In this article, learn how to balance and level the volume of different elements, frequencies of a mix using volume adjustment and fader adjustment.
How To Set Volume Levels In A Mix To Achieve A Tonal Balance
There are two approaches to level volumes while mixing: -
- All Faders Up Approach: - In this approach, you start with channel faders at unity(0dbFS) for all channels. In this approach, you reduce the gain of channels faders of elements that are less significant concerning the most critical element of the mix.
This approach works well if you have a mixing console and can quickly alter faders. This approach is also a better choice for experienced mix engineers.
- All Faders Down Approach: - In this approach, you start with all the channel faders down, and you start with introducing the most critical element of your mix first, Next, add in the second most element at a relative volume to the first critical element. You keep on adding elements one at a time by increasing their volume levels concerning previous elements.
This approach works best for in the box mixing and is a great approach for those who are new to mixing.
Where To Start Levelling
It is important to start levelling with a proper approach that meets the needs of your project and mixing workflow. Here is how you should start levelling your mix
- Start with the highest energy section of your song/project. Mostly, the chorus of the song is the highest energy. This may vary for your song, choose the section with the highest energy. Loop this section of your mix and start levelling.
- Level the most important element of your mix first. Mostly vocals or drums & bass are the most important elements. This completely varies from song to song. For EDM music, synths and Low-end are critical. For rock music, guitars and vocals are critical. For commercial pop, vocals and drums are critical.
You have to pick out the element of your song around which you want to If your track does not have any vocals, the most significant element is usually low-end information like kick and bass or an instrument that is acting as a lead, like a synth or a guitar.
- Levelling the most important element and working around it. For the First channel, leave at least -6dBFS Peak headroom and -18dBFS RMS. This ensures you will be able to add more energy and processing to different elements without clipping. Level the first fader and add in other channels around it.
Steps To Set Volume Balance In a Mix
- Mix-Prep: Organise the project before you start levelling. Having a good mix prep is important.
- Gain-Staging: - Check for any hot channels or loud channels. If anything requires normalising or additional gain, add that. (i.e. gain staging).
- Critical Part First: Loop the loudest section of the song (usually the final chorus).
- All Faders Down Approach: Bring all the faders down (to minus infinity dB).
- Add-In The First Channel: - Decide on the most important element of sound and set it channel faders so that there is a headroom of somewhere around -6dBFS. Starting with low end elements like kick and bass is a good option for beginners. if you are relatively experienced to mixing, you can also start with vocals and work around it.
- Balancing is All Relative: Bring in the 2nd most important channel fader and balance the volume relative to the first channel. Continue setting faders in this manner, bring channels up in order of importance and level balance them relative to previous elements.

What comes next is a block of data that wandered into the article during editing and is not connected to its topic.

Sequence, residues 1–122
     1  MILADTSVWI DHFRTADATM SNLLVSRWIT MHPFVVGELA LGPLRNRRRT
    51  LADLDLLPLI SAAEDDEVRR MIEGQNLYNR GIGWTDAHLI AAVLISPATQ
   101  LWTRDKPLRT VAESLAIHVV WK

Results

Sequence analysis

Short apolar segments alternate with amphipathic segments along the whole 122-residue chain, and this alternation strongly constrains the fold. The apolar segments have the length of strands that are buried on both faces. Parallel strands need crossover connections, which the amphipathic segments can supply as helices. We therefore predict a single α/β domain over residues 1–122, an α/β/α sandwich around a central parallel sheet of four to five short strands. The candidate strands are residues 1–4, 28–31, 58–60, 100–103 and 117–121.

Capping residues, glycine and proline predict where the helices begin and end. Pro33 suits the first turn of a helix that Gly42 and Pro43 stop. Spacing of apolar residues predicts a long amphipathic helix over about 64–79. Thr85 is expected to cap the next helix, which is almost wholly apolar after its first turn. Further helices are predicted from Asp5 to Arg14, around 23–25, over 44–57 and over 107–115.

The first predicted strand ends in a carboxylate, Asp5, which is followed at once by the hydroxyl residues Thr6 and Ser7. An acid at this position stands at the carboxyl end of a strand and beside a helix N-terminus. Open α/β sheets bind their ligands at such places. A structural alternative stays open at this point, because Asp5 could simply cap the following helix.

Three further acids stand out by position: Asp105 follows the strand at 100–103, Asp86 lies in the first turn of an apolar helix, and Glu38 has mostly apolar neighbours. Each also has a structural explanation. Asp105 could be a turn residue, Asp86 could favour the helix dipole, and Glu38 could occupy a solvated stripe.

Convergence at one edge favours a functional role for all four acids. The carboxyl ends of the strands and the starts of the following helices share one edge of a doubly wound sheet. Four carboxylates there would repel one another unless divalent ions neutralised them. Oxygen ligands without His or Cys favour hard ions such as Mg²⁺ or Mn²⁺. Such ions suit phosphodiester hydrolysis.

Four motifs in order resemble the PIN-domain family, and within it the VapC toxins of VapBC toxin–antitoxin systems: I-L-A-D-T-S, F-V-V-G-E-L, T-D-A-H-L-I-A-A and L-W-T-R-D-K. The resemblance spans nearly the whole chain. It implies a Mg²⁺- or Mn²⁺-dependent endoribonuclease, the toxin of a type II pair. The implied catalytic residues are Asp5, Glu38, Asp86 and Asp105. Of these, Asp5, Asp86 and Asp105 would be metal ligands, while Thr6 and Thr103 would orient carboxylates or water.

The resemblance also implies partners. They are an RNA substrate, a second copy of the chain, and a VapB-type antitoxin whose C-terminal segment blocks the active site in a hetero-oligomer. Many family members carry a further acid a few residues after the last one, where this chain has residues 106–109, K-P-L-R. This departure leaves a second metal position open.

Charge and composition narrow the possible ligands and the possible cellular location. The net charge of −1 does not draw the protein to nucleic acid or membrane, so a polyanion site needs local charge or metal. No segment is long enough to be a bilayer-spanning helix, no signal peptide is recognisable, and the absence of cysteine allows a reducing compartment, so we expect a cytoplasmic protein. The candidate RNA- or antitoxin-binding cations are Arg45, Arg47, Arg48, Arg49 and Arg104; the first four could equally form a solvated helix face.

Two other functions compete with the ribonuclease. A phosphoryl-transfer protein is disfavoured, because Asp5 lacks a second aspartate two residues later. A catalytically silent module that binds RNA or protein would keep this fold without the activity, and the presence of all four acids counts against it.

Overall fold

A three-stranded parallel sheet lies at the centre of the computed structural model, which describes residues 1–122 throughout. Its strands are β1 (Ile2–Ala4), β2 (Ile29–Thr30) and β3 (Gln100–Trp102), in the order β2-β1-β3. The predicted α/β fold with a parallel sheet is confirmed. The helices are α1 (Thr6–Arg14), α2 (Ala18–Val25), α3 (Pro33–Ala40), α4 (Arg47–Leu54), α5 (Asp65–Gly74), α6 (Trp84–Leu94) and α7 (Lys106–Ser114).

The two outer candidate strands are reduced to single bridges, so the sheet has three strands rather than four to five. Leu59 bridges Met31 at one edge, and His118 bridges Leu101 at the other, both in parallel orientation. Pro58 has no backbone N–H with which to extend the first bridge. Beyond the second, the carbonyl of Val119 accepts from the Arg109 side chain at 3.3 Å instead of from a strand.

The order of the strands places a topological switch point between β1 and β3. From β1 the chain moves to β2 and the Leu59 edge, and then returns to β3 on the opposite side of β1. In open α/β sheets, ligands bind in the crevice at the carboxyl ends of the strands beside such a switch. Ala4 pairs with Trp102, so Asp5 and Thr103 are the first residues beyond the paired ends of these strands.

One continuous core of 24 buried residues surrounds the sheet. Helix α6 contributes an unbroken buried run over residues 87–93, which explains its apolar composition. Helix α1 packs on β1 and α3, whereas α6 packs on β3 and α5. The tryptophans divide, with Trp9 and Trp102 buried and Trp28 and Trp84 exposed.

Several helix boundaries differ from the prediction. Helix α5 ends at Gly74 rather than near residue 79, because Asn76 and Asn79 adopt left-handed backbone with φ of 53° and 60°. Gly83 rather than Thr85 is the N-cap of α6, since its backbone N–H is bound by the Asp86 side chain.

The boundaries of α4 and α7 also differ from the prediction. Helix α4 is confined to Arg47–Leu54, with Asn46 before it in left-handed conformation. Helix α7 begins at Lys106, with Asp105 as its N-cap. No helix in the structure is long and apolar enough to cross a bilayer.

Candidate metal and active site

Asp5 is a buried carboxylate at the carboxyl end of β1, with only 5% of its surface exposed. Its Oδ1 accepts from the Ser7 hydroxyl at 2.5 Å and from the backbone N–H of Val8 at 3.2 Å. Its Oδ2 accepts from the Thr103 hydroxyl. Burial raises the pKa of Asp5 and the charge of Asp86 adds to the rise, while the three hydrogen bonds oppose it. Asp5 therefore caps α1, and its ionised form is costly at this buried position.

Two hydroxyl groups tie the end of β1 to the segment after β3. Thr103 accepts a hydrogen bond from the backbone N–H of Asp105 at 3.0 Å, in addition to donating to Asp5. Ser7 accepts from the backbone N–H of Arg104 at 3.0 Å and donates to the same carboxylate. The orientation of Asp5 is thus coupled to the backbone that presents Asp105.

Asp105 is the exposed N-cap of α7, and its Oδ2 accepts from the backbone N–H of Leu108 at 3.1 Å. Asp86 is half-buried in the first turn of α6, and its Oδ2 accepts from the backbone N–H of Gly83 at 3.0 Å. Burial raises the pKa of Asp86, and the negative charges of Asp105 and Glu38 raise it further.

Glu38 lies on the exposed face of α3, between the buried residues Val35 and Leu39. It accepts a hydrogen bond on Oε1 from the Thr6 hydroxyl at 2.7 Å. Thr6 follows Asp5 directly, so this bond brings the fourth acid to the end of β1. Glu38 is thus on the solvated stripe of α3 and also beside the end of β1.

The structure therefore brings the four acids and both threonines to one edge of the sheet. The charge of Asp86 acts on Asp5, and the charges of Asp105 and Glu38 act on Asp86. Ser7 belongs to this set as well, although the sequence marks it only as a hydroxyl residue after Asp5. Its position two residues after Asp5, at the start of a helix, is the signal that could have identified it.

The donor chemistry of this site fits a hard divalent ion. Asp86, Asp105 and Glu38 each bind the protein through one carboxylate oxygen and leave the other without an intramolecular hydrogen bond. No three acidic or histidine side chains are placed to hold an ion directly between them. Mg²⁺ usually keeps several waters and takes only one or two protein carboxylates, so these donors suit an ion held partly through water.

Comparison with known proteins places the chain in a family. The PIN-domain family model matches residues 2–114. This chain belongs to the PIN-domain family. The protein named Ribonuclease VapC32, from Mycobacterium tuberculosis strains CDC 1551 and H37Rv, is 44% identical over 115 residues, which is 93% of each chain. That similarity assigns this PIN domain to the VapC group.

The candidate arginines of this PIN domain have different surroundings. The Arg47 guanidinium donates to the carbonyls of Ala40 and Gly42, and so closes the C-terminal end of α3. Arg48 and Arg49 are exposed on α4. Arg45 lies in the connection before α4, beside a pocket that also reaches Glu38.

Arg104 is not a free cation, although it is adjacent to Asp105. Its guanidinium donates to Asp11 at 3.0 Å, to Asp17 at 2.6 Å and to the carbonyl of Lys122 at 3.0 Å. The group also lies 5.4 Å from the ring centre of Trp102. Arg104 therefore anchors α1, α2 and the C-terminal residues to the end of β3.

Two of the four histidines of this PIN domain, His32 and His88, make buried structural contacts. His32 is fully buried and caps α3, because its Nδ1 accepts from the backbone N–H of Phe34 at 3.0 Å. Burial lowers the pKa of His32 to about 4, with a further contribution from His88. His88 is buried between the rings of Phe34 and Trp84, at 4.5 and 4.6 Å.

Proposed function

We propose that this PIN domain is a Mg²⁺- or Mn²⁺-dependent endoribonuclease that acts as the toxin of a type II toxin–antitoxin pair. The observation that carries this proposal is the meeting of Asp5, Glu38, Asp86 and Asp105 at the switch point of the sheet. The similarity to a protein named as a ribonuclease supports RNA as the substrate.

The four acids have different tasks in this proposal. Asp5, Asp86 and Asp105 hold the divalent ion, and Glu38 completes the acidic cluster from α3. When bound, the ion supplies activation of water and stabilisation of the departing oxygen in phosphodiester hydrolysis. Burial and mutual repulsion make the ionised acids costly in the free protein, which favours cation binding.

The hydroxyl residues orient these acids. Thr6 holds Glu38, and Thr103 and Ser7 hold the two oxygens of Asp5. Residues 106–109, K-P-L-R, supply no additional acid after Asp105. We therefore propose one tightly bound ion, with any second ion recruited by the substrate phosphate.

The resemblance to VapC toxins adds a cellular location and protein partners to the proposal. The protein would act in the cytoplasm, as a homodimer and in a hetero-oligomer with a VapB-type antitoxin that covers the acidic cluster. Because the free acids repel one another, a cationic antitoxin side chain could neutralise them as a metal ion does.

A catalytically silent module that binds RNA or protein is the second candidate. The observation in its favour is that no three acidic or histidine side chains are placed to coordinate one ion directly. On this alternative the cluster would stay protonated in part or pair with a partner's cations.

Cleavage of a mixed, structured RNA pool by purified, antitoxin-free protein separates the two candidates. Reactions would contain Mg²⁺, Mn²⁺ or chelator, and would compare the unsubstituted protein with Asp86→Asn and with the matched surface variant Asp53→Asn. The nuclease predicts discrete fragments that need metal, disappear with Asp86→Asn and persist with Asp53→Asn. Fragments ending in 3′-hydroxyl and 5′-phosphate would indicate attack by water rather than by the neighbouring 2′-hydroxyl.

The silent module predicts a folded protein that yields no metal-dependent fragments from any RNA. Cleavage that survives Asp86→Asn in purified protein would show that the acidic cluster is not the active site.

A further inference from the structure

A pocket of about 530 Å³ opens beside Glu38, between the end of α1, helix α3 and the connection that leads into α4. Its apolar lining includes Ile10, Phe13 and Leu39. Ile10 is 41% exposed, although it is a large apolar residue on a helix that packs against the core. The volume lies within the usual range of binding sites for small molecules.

- Trust Your Ears: - Listen while you balance. Once all the channels are up, spend at least 5-10 minutes listening to the most important part of the song that you balanced. Fine-tune and make any adjustments accordingly using faders only.
- Watchout For RMS: - RMS values can also help you understand if you have balanced the mix properly or not. Keep an eye on that. Low-end sound require more power so they will have a higher RMS. Mids will have a lower RMS compared to low-end and Highs will have the least RMS.
- Listen to the complete song: - Now check other sections of the song, and listen through the whole song while making adjustments to the faders.
- Cut Rather Than Adding: - If anything is overpowering the mix, try bringing the faders down for that element or section. Rather than adding volume, think about lowering elements and making them work.
- Dynamic Processing - At times it will be challenging to achieve the best volume level using a static fader. In such scenarios automate the fader or use dynamic processing. This should be your last resort.
- Monitor Using Different Output Levels and Reference Monitors: - Use different monitors/speakers/headphones as a reference. Also, alter the volume levels of the speakers and monitors using the volume knob. Make slight adjustments using channel faders if needed.
- Take Breaks - If your ears get fatigued easily, take small breaks. While taking a break leaving your studio or room is the best practice. This gives your ears and brain a new ambience and they recover quickly. Walking helps a lot.
- Levelling Is Critical: - Only move on to other mixing tasks when you are 100% satisfied with the initial mix levels. If your levels are not balanced, nothing else will work.
- Volume Levelling Is The First and Last Thing Of Every Mix: - Every mix starts with mix prep and levelling and every mix ends with levelling. Make sure you adjust levels as and when required. There is no hard and fast rule here.
Let The Faders Do The Work
Faders can do a lot more to your mix than any other processing like EQ, compression etc. If Faders are not translating your mix, nothing else will. Spend most time levelling the mix. Do not get amused by complex plugins and other mixing processes. Getting your levels right is critical.
A slight adjustment of a volume fader can do a lot more than EQ, compression etc. For example, if the low end is overpowering in a mix, try lowering the volume
of the bass or Kick-drums part instead of applying an EQ or compression.